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Transportation The Almighty Buck

New Service Lets You Hitch a Ride With Private Planes For Cost of Tank of Gas 269

Posted by samzenpus
from the going-my-way? dept.
v3rgEz (125380) writes "A new service, Airpooler, matches pilots with passengers looking to head the same way. Since it's not an officially licensed charter service, prices are limited to roughly the passengers' share of the gas, giving pilots a way to share the expense of enjoying the open blue and flyers a taste of their personal pilot."
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New Service Lets You Hitch a Ride With Private Planes For Cost of Tank of Gas

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  • Sounds scary (Score:5, Insightful)

    by JoeyRox (2711699) on Monday April 07, 2014 @12:55PM (#46685881)
    I live near a municipal airport and based on the landings I've seen I'm not sure I would entrust my life to a private pilot certified on only a puddle jumper.
  • Re:Sounds scary (Score:5, Insightful)

    by QuasiSteve (2042606) on Monday April 07, 2014 @01:00PM (#46685943)

    Out of curiosity... do you feel differently about cars? (e.g. through services such as Uber and Lyft)

  • Re:um... (Score:5, Insightful)

    by Bobberly (1677220) on Monday April 07, 2014 @01:06PM (#46686017)
    As a pilot, I'm not sure how to take your remark. I'm pretty sure the rigorous training and medical certifications I've completed will have you in much safer hands than the trip you take to the grocery store from your house. What are the requirements for driving a 3 ton vehicle these days, heartbeat and visit to the local DL office?
  • by bussdriver (620565) on Monday April 07, 2014 @01:19PM (#46686129)

    Cars are forgiving, the sky is NOT. If as many people flew small planes as people drive it would not be as safe in terms of fatalities. It is true when you compare apples to oranges driving is more dangerous; but if you want to even get close to a fair comparison you would compare jets to buses and you'd compare fatalities and injuries separately... since car accidents are far less likely to result in fatalities.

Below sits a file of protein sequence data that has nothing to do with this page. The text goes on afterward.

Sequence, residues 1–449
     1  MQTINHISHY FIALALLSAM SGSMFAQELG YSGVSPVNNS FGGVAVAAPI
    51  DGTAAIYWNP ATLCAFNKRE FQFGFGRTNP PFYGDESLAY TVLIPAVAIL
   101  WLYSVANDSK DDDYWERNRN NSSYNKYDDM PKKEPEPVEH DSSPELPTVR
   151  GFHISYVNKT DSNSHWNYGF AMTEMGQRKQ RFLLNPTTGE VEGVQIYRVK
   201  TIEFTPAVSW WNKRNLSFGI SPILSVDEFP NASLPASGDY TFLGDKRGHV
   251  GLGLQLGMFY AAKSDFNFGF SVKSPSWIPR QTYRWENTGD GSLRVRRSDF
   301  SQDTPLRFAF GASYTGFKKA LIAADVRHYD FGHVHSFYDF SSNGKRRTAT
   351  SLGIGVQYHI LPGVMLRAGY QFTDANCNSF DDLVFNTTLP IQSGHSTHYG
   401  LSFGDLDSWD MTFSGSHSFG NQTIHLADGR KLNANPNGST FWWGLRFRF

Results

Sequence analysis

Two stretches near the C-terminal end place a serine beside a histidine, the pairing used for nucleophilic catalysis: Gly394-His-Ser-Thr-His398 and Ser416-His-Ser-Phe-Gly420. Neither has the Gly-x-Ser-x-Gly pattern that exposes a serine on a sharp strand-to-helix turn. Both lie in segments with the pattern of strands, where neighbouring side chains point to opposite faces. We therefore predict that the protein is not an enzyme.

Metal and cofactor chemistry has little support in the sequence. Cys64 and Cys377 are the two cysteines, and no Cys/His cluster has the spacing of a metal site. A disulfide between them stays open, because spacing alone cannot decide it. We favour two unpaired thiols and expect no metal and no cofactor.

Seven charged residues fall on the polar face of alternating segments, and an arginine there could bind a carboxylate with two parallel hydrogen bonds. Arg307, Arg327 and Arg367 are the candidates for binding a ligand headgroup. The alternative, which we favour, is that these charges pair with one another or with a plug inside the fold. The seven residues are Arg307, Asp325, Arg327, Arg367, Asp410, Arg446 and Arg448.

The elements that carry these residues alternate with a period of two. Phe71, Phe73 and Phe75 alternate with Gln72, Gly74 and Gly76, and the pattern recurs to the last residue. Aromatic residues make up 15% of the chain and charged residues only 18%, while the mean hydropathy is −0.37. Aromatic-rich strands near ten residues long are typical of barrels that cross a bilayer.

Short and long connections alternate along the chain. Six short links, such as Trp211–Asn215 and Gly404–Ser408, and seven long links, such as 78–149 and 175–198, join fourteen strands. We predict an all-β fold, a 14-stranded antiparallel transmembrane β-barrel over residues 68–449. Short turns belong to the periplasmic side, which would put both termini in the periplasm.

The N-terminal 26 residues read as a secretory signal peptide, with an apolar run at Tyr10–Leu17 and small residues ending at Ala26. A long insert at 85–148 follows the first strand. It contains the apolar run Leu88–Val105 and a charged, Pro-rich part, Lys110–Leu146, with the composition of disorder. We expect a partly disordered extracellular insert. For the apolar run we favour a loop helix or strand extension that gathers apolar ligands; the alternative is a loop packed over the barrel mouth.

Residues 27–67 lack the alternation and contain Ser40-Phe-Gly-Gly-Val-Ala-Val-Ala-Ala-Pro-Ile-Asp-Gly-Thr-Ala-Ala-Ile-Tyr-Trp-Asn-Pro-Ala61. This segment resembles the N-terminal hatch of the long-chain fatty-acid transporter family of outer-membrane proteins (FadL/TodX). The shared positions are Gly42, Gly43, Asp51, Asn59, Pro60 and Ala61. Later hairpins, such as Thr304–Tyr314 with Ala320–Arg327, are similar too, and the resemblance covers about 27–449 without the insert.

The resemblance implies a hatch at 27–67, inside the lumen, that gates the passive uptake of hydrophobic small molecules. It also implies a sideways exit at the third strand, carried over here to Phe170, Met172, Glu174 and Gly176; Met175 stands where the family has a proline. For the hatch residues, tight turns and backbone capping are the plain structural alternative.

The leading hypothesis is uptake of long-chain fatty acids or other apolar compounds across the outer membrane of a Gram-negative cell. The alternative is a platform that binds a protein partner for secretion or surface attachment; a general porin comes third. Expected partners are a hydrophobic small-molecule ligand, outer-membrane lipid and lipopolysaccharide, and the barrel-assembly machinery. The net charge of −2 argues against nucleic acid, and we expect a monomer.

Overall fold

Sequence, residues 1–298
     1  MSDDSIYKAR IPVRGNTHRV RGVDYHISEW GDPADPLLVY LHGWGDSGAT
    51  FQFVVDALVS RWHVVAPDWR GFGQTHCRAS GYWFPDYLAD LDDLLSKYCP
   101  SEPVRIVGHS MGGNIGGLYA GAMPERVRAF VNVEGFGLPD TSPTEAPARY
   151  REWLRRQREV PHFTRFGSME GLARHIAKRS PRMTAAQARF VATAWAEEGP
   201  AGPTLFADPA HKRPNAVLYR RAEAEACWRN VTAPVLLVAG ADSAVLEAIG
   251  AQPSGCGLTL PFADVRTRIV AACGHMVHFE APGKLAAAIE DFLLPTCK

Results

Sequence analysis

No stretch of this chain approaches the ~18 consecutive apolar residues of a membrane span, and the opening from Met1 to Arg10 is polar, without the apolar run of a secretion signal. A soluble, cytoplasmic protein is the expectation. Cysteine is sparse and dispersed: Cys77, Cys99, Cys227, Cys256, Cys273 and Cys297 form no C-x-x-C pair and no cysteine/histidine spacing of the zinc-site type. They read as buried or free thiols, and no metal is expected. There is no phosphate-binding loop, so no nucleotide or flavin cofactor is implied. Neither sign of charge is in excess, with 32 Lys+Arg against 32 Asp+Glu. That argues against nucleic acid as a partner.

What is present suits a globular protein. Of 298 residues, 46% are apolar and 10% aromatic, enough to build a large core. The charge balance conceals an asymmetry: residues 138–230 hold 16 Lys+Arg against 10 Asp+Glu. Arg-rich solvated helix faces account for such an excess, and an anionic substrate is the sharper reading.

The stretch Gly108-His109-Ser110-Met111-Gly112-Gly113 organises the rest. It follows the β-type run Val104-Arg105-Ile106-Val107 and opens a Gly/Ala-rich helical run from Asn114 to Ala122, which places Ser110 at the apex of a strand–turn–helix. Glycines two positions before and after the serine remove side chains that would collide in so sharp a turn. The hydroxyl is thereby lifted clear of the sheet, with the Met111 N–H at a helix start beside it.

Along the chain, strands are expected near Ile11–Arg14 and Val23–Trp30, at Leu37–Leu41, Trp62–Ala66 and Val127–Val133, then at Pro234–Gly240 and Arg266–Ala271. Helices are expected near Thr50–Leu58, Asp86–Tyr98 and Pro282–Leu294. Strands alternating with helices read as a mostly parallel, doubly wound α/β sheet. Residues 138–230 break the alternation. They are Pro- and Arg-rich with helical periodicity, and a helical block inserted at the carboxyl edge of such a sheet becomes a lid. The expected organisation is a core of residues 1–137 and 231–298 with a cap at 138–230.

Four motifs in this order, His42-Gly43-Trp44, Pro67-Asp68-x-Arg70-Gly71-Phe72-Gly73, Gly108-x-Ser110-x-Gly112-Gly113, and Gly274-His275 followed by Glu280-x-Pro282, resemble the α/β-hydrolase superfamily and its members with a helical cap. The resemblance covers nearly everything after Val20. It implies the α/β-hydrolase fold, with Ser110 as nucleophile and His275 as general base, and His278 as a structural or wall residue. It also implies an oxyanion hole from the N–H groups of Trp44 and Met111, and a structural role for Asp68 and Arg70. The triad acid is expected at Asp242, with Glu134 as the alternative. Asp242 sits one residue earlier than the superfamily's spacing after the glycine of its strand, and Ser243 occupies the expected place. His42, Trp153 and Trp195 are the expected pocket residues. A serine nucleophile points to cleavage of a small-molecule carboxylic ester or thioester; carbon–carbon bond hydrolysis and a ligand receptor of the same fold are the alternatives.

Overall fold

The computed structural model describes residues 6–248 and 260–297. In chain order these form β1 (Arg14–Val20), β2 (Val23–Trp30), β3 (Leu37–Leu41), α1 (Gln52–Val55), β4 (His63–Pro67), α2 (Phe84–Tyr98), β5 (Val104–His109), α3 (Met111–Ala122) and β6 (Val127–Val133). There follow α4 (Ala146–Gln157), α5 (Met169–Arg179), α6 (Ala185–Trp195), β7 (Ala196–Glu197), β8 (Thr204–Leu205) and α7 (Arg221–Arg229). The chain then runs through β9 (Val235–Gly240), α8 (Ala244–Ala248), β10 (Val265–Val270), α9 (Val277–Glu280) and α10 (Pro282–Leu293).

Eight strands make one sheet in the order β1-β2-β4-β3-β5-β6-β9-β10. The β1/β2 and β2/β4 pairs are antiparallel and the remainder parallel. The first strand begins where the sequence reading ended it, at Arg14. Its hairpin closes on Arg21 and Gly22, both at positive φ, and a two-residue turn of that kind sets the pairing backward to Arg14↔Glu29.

The FAA has strong rules about flying others around and the FAA never changes the regulations, they only add, never remove. The exchange of money at all for any connected reason is going to cause trouble.

    Besides, if you thought the taxi lobby was a problem for ride sharing; you'd never even dare to mess with the airline industrial complex (which is so heavily subsidized, it is more of a scam than a market.)

  • by joe_frisch (1366229) on Monday April 07, 2014 @01:34PM (#46686315)

    As a private pilot the legal issues worry me. The pilot training, aircraft maintenance, and operating requirements are very different for different types operations. The "sharing costs" is based on the concept that you can fly your friends to Las Vegas and split the costs. It is assumed that you have reasonable informed your friends of the risks. If you are taking other "passengers" for some form of compensation, have they *really* been informed of the risks - which are dramatically higher for private flights than for air carriers.

    If there is an aircraft malfunction and someone is injured, what are the insurance / lawsuit issues? what happens if a passenger damages your airplane - stepping in the wrong place, can do thousands of dollars of damage to some planes. What if you can't reach the intended destination due to weather - does the passenger get a refund? What if you are delayed? It is legal for private flights to operate under weather conditions that are not legal for commercial flights -what happens here? Fuel is less than 1/2 the total operating costs for my plane - do I get to split all costs, or just fuel?

    We are also talking a lot of money here. A Bonanza or Cirrus total operating cost is probably ~$200/hour, so a "quick flight" from San Francisco to Las Vegas is $1000 round trip, close to 2X that in my Baron. Non-pilot passengers may expect a level of service and performance that just isn't reasonable for small planes.